where working at an alternative worksite is itself unsafe, where the 
employee is ineligible for telework, or where the employee is not 
participating in a telework program. At the sole and exclusive 
discretion of agency management, it could also be used to cover the 
unusual situation where a teleworker is unprepared to telework because 
the event could not be readily anticipated (e.g., the normal workplace 
is rendered unsafe following a fire, flood, or earthquake) and the 
employee does not have equipment or materials he or she would need to 
perform work.
    Comment: A union believed that OPM should impose the same 270-day 
delay in implementation for agency internal policies on weather and 
safety leave as is done for administrative leave, investigative leave, 
and notice leave. The union said that otherwise, the implementation and 
use of weather and safety leave could be improperly delayed 
indefinitely, creating uncertainty and confusion in the workplace. An 
individual similarly commented that the subpart P regulations should 
take effect in 270 days consistent with the other requirements in the 
Act.
    OPM response: The Act provides a 270-day implementation period for 
administrative leave under 5 U.S.C. 6329a(c)(2) and for investigative 
and notice leave under 5 U.S.C. 6329b(h)(2), but does not provide a 
similar period for weather and safety leave under 5 U.S.C. 6329c. 
Therefore, the regulations on weather/safety leave under subpart P will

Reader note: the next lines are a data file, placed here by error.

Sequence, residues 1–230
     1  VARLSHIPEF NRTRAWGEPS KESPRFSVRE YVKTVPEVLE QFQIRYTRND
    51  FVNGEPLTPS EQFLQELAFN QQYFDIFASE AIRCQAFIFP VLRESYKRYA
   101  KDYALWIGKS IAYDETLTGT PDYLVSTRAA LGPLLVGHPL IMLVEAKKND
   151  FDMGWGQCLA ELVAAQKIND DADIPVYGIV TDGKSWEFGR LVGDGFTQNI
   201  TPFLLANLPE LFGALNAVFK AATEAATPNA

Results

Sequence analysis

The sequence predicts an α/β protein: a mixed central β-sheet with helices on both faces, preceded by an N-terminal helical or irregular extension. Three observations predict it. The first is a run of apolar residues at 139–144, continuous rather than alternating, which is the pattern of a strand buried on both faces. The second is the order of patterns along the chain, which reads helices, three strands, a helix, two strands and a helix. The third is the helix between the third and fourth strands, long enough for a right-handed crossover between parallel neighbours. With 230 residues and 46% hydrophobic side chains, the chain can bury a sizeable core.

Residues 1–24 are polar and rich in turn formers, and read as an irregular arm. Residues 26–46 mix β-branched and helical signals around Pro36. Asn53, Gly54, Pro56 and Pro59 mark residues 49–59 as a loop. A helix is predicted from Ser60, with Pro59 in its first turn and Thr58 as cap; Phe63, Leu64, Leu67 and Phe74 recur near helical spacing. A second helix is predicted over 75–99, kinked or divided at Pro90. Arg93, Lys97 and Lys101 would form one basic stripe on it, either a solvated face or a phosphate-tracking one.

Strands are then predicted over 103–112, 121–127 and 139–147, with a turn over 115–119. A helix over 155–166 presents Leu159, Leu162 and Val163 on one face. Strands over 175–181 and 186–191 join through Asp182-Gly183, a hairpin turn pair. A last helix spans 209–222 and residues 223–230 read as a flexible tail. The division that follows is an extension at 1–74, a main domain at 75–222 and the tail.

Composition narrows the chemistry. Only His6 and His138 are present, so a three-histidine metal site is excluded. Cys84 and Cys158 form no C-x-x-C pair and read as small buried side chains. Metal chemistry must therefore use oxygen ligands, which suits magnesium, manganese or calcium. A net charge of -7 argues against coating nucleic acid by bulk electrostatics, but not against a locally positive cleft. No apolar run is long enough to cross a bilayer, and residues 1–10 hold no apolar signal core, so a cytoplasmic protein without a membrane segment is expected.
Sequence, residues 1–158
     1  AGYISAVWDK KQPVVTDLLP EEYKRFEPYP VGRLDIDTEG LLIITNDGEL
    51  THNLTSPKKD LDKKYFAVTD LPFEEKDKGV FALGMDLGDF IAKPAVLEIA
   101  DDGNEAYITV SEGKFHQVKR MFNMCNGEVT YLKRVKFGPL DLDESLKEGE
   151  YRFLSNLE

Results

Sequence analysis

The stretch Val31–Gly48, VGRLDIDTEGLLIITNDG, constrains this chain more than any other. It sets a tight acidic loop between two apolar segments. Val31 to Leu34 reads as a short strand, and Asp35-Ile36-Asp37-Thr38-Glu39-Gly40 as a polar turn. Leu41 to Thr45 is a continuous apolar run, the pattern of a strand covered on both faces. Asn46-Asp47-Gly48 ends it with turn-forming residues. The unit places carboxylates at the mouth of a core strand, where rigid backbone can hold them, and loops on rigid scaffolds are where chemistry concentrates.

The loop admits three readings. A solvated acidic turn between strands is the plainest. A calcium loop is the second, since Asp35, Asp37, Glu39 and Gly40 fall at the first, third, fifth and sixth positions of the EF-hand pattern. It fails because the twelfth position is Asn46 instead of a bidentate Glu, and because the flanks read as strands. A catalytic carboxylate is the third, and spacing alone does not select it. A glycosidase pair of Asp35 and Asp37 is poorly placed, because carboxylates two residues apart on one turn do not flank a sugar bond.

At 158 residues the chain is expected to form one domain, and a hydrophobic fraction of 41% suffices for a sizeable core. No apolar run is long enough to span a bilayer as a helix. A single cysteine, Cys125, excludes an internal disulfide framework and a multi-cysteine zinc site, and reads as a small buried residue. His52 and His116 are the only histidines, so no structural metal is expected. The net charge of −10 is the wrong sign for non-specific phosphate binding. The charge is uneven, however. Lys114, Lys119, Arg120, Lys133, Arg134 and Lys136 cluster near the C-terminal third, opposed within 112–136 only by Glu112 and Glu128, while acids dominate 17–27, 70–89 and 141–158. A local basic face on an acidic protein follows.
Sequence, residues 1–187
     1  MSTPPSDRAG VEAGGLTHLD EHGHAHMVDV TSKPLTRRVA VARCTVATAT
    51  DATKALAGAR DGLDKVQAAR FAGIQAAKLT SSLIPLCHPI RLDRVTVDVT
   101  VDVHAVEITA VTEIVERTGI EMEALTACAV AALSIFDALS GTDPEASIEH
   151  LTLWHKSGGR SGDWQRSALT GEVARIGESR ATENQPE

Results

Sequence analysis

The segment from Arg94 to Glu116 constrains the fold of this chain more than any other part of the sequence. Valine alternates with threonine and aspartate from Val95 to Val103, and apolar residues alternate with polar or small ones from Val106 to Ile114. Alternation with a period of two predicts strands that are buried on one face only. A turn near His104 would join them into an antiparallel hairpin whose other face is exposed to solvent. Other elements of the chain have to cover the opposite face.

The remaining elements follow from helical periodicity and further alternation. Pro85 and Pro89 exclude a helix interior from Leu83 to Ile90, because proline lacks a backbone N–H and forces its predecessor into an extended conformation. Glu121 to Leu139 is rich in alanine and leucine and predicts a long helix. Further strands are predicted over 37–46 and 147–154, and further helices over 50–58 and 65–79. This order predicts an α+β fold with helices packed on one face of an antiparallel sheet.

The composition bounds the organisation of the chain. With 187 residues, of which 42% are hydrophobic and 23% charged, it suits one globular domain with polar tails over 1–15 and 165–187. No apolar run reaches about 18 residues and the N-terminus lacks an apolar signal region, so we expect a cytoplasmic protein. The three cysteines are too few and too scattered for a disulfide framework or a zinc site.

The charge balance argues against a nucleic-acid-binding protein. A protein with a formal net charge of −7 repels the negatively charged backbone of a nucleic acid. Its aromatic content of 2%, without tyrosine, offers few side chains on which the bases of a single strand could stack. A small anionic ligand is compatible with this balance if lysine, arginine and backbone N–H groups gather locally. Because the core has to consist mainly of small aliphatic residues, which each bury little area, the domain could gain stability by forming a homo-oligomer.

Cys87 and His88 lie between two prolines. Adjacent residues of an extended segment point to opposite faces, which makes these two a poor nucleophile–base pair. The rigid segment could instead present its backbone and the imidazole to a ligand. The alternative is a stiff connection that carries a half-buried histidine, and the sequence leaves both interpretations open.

take effect 30 days from this date of publication. As provided in Sec.  
630.1604(b) of the regulations, agency policies and procedures on 
weather/safety leave must be consistent with OPM's regulations and 
guidance.

Section 630.1602--Definitions

    Comment: One agency recommended that OPM change the definition of 
``act of God'' to ``act of nature.''
    OPM response: OPM chose to use ``act of God'' over ``act of 
nature'' because ``act of God'' is the terminology used by the weather/
safety leave statute. (See section 6329c(b)(1).)

Section 630.1603--Authorization

    Comment: An agency recommended adding a fourth weather/safety leave 
category for severe commuting situations such as closure of a mass 
transit system or a major highway. An individual suggested that OPM 
revise Sec.  630.1603 to authorize agencies to grant employees weather/
safety leave for the purposes of preparing their homes for an imminent 
hurricane or other natural disaster.
    OPM response: The language of the weather and safety leave statute 
at section 6329c(b) authorizes its use only ``if the employee or group 
of employees is prevented from safely traveling to or performing work 
at an approved location'' (italics added). OPM cannot authorize this 
type of leave for mass transit or commuting problems not related to 
safety matters. Employees have other workplace flexibilities available 
to address these situations, including alternative work schedules,